Track Patients, Not Prescriptions

Why pharma companies reject anonymous patient-level data, and why they can't do without it for long.
Jun 01, 2005

Pharmaceutical companies are not using the best marketing data available. Sure, they spend tens of millions of dollars a year on data, and billions more on marketing campaigns, but they are surprisingly vague about the prescribing habits of the physicians those campaigns target.

Anonymous patient-level data (APLD) could bring a new level of precision to pharma marketing. APLD can differentiate between physicians who are writing mainly refill prescriptions, and those writing mostly new-to-therapy prescriptions. Many companies would reshape their marketing and sales campaigns based on these data alone. Managers understand that physicians who are writing new prescriptions deserve more attention from sales reps. But even though data can single out physicians with high marketing upsides, most pharma companies are doing without such high-value data.

Why is pharma ignoring information that could increase returns? First, acquiring and utilizing the new data is seldom easy. It takes more than money to buy the right information. Not every APLD vendor will have the same data sets available, so companies must begin by shopping for the right vendor. Second, neither the APLD data products nor many of the companies offering them have matured. This creates a complex, shifting vendor landscape, in which it is difficult to sort out competing claims and counter-claims.

Another barrier to entry is the cost of switching from present data sources. Currently, pharma companies rely on prescription data such as IMS' Exponent/NPA and NDC's Source Prescriber to identify high-prescribing physicians. While this data says nothing about which physicians have the most potential prescribing upside (or downside), it is firmly entrenched within most pharma companies. IMS, in particular, does not provide APLD yet with the depth and breadth of other vendors, but its data are used to calculate sales force compensation. And if the cost of switching is high, so is purchasing multiple databases.

Finally, the organization as a whole must change to take full advantage of APLD data. Changes in the way physicians are targeted will lead to changes in the way sales representatives are trained, and probably in how they gather and digest information before calling on doctors.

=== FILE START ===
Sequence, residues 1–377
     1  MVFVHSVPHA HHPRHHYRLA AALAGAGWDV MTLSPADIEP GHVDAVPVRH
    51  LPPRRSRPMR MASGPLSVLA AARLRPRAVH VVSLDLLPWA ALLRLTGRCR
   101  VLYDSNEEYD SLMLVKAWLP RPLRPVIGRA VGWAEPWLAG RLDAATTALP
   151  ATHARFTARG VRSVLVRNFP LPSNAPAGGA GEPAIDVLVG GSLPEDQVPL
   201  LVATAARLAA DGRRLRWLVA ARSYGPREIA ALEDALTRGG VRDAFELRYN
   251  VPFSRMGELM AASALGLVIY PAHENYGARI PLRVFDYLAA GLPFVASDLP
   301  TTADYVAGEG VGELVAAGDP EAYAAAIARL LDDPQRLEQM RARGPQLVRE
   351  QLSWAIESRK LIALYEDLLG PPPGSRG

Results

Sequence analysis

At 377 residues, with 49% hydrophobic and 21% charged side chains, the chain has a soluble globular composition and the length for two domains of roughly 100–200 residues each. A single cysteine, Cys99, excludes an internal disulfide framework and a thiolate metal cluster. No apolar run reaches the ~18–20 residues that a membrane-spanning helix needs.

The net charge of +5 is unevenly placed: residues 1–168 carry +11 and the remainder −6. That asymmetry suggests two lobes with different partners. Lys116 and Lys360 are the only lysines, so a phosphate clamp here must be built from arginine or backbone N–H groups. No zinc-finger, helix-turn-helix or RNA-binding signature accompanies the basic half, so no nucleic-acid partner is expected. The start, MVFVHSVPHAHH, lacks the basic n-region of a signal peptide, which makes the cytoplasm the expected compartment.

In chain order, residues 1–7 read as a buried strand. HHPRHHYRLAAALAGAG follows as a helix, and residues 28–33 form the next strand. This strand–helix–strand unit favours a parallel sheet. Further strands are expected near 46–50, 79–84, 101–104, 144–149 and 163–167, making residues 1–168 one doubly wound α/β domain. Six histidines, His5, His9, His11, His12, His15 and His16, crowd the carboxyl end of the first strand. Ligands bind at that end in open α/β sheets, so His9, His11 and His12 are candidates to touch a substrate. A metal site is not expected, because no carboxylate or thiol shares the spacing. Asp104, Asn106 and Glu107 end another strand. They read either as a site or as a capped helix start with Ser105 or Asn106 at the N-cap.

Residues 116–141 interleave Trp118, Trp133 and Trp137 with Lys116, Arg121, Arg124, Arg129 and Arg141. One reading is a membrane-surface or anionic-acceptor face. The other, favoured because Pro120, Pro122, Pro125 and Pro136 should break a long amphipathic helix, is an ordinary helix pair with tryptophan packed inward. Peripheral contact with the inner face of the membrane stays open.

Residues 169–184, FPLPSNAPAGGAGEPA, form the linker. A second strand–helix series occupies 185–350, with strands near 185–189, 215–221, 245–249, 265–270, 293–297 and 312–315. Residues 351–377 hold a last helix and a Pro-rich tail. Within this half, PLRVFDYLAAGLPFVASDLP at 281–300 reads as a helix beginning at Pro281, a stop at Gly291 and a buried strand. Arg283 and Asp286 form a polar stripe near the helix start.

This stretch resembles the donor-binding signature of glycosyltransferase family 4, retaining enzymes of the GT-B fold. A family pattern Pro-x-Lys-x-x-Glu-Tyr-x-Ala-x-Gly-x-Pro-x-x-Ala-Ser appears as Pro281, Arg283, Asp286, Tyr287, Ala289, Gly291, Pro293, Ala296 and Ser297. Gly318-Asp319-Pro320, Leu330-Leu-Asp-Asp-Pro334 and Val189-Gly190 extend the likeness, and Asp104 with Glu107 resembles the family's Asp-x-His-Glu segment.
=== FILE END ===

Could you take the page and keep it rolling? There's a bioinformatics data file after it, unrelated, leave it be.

What is APLD? APLD is healthcare-utilization data that can be linked, in a HIPAA-compliant manner, to individual patients longitudinally. That is, they are data that can track a patient's healthcare utilization over time. This data is captured through similar sources as standard prescription data are, but with two major differences: the number of data fields captured is increased (in some cases), and proprietary linking algorithms that utilize multiple fields (birthdate, zip code, sex) are applied to create a unique encrypted identifier for each patient.

APLD itself is not new. Small data sets have been used for longitudinal analyses in the outpatient market for several years (for example, PMSI, CHAMP, LifeLink). And Solucient (formerly HCIA-Sachs) has made large APLD sets available for hospital inpatients. But only recently have large APLD sets been applied to drug use in the outpatient setting. This latest development presents pharma with opportunities to use APLD to improve ROI.

Figure 1Targeting the Right Physicians
Targeting the Right Physicians APLD can improve sales and marketing ROI by delivering differentiated data on physician-prescribing data (see Figure 1). In this hypothetical example, traditional Rx data for a chronic outpatient drug treatment is compared with that using APLD. Based on traditional data, a pharma company would focus resources on Dr. Smith, Dr. Jones, and Dr. Brown, the high-prescribing physicians. However, APLD reveal that Dr. Jenkins and Dr. White may be more important than Dr. Smith and Dr. Jones because they prescribe drugs to more "new-to-therapy" patients. Physicians generally are reluctant to switch treatments when medications are working, so new-to-therapy patients have a higher value to pharma companies than renewing patients. This is particularly critical for companies launching new products in crowded markets. Sometimes, new-to-therapy patients represent the only chance to capture market share.

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